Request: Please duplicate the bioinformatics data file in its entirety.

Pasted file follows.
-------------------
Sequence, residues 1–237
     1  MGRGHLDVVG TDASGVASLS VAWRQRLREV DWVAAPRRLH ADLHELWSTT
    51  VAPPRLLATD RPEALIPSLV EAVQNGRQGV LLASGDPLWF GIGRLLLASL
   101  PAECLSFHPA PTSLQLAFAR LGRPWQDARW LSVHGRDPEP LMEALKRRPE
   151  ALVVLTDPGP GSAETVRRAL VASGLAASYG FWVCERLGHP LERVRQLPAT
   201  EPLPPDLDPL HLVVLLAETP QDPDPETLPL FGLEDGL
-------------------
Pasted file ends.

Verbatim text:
Sequence, residues 1–237
     1  MGRGHLDVVG TDASGVASLS VAWRQRLREV DWVAAPRRLH ADLHELWSTT
    51  VAPPRLLATD RPEALIPSLV EAVQNGRQGV LLASGDPLWF GIGRLLLASL
   101  PAECLSFHPA PTSLQLAFAR LGRPWQDARW LSVHGRDPEP LMEALKRRPE
   151  ALVVLTDPGP GSAETVRRAL VASGLAASYG FWVCERLGHP LERVRQLPAT
   201  EPLPPDLDPL HLVVLLAETP QDPDPETLPL FGLEDGL